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PM doubles down on Northern Ireland protocol threat in post-Brexit trade spat

·2-min read
Prime Minister Boris Johnson waits for arrivals during an official welcome of guests, during the G7 summit in Cornwall. Picture date: Saturday June 12, 2021.
Boris Johnson waits for arrivals during an official welcome of guests, during the G7 summit in Cornwall. Photo: PA Images

Boris Johnson said on Saturday that Britain will do "whatever it takes" to protect its territorial integrity, in the latest escalation of a spat involving the Northern Ireland protocol.

As talks continued at the G7 summit in Cornwall this weekend, the prime minister told Sky News that the EU "misunderstand that the UK is a single country and a single territory".

The Northern Ireland protocol has been a focus of contention in Brexit negotiations since the end of the transition period in December 2020.

"I think we can sort it out but... it is up to our EU friends and partners to understand that we will do whatever it takes," Johnson said.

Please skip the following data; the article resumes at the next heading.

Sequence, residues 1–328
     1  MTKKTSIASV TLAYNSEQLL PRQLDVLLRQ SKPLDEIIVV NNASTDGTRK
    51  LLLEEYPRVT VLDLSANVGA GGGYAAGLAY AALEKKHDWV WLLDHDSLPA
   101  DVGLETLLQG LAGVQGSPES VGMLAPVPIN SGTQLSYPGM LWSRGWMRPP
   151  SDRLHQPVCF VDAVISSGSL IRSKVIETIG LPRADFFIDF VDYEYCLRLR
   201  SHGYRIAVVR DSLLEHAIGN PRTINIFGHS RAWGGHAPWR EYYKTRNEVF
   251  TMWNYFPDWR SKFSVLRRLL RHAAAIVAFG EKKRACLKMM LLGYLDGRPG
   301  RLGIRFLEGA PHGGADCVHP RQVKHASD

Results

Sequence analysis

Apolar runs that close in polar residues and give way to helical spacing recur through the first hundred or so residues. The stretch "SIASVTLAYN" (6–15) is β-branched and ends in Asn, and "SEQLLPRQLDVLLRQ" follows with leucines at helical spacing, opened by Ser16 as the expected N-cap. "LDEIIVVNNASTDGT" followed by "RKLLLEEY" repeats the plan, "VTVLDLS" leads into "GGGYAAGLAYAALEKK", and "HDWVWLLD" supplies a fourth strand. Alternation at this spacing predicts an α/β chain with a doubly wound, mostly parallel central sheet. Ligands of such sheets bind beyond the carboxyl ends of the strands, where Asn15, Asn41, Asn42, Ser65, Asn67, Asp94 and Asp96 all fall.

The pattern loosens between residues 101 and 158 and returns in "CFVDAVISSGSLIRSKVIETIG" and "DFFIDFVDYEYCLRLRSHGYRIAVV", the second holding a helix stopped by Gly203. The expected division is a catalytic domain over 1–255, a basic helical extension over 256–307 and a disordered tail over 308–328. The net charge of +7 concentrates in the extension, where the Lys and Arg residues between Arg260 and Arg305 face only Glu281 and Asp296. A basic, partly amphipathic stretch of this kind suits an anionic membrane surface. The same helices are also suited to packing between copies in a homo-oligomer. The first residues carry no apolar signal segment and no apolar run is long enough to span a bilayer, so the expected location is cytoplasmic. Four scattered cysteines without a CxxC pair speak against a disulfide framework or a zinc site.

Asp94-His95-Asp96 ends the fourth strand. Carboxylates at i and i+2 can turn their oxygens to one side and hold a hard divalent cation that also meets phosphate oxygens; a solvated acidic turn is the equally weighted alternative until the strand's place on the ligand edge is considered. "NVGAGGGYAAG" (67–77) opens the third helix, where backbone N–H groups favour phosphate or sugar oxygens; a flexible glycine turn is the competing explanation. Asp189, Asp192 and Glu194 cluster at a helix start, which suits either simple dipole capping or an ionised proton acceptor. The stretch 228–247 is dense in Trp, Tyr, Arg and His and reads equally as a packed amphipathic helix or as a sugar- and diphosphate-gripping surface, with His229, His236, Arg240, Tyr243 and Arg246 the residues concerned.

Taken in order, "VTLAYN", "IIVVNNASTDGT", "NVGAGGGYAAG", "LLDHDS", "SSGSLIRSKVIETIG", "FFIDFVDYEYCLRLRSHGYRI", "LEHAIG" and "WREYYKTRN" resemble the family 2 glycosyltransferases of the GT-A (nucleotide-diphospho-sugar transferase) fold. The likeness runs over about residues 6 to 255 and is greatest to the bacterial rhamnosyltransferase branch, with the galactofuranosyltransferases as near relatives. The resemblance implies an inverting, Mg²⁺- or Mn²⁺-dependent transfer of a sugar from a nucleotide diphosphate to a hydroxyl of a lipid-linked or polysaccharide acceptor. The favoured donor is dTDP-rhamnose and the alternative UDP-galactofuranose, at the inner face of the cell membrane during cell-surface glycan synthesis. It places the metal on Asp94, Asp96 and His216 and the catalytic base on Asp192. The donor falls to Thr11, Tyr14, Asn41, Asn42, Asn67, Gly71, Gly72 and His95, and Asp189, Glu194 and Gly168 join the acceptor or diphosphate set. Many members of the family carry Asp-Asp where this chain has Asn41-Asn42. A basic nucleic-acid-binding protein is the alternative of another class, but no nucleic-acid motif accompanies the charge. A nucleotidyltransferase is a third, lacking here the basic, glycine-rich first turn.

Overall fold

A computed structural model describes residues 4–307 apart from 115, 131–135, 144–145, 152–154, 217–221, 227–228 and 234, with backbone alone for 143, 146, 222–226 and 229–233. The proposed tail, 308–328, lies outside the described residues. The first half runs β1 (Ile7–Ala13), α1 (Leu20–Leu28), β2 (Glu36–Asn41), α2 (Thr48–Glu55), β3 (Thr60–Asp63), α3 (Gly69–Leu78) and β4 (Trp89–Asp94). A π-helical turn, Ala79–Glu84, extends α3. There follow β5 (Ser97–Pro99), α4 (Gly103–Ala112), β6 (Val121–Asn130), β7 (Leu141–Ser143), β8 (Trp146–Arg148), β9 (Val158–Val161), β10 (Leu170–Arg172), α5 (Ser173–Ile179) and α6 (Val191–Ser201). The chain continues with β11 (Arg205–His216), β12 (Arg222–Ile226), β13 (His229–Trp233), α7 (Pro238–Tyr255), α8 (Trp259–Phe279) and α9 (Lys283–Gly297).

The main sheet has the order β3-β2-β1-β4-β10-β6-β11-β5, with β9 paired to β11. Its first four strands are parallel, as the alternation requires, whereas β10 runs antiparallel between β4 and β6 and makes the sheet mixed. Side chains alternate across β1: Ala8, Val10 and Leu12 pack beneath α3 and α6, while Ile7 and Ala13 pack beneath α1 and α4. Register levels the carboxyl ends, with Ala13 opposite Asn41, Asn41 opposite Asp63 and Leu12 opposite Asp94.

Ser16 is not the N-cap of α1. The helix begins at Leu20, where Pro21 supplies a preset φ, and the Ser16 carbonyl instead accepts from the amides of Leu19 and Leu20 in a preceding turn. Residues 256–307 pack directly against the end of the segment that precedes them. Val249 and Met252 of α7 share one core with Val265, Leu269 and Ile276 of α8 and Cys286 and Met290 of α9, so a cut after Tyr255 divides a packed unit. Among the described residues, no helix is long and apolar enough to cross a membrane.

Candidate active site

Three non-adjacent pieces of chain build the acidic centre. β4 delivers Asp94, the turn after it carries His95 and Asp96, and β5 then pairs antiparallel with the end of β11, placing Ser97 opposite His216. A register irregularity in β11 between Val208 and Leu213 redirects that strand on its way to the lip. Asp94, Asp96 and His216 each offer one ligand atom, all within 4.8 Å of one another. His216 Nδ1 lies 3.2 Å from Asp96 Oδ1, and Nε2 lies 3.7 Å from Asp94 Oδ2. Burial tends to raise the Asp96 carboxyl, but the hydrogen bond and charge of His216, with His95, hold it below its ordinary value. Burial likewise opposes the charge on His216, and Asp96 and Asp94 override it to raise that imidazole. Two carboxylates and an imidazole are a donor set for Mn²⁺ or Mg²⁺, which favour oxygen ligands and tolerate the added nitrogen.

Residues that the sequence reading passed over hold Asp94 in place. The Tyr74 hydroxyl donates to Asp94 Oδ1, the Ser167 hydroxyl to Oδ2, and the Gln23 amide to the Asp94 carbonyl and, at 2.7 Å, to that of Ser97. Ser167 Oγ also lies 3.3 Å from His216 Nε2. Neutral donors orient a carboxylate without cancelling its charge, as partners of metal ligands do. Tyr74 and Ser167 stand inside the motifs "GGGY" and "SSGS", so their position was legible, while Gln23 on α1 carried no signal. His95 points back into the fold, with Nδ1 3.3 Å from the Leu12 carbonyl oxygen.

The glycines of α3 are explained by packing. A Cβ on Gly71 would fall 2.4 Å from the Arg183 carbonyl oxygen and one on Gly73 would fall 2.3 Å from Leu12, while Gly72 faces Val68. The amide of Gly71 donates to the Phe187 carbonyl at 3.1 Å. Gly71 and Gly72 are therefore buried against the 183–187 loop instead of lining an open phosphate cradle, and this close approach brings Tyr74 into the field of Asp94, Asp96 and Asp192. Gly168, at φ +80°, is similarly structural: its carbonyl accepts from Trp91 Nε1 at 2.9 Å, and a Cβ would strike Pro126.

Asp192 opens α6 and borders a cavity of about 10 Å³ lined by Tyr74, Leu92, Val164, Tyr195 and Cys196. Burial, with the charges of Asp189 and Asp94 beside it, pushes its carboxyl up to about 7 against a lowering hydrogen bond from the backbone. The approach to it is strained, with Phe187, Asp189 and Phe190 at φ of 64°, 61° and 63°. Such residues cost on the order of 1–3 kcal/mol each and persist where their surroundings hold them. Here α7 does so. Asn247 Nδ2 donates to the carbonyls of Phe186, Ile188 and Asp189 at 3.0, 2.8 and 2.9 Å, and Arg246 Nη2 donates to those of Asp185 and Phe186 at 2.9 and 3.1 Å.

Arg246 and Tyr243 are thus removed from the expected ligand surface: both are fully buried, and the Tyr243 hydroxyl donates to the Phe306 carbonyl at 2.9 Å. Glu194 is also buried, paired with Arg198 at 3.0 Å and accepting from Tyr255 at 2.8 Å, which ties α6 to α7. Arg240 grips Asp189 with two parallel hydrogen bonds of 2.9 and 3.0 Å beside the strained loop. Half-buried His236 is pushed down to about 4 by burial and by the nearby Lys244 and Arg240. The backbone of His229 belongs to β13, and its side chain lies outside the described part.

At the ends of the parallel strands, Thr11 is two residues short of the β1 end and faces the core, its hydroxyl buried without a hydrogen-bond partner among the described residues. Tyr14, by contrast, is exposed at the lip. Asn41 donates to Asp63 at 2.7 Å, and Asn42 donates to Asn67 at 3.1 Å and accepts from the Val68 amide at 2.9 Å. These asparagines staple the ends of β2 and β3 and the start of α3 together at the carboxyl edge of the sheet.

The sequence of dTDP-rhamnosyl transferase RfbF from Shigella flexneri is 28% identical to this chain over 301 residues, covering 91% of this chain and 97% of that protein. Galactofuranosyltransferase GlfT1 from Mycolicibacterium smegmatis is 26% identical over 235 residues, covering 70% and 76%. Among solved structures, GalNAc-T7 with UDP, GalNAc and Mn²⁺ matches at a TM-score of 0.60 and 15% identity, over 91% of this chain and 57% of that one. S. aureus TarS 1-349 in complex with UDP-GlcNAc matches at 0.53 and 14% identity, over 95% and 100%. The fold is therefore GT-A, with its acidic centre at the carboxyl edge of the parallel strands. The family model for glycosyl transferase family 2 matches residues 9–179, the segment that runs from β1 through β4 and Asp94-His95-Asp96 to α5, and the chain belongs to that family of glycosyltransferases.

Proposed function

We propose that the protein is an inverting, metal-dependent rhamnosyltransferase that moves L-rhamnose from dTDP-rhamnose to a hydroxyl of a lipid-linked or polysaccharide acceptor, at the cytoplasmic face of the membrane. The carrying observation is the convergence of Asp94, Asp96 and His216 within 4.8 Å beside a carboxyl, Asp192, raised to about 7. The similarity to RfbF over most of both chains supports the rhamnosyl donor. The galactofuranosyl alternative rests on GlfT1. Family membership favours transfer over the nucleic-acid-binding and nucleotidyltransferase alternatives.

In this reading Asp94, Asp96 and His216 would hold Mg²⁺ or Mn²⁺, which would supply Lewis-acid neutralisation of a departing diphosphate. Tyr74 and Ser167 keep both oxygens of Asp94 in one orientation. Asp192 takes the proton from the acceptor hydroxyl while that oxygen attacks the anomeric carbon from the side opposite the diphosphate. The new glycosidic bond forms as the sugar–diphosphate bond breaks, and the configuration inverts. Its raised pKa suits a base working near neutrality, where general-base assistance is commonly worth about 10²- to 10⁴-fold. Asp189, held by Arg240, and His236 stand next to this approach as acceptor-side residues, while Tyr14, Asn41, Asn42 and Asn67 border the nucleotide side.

"I think if the protocol continues to be applied in this way, then we will obviously not hesitate to invoke Article 16," he added.

Article 16 is a safeguard clause which allows either side to take measures if they feel the agreement has led to economic, societal or environment difficulties.

Read more: Fears of Brexit 'sausage war' continue as UK-EU talks fail to break Northern Ireland deadlock 

Johnson claimed that the protocol is having a "damaging impact" on the people of Northern Ireland.

The EU has told the British Government it must implement the Brexit deal in full — this would mean checks on certain goods moving between Britain and Northern Ireland.

Talks had stalled last week on any movement with he bloc, in a round of talks dubbed the "sausage wars". Brexit minister David Frost said at the time there were "no breakthroughs or breakdowns" with the block on the implementation of the NI Protocol, including treatment of sausages and chilled meats, following "frank and honest" discussions.

Johnson said on Saturday: "I've talked to some of our friends here today, who do seem to misunderstand that the UK is a single country, a single territory. I just need to get that into their heads."

The PM met with French president Emmanuel Macron and German chancellor Angela Merkel on Saturday. He also held talks with European Commission president Ursula von der Leyen and European Council president Charles Michel.

Watch: 10 ways to Brexit-proof your finances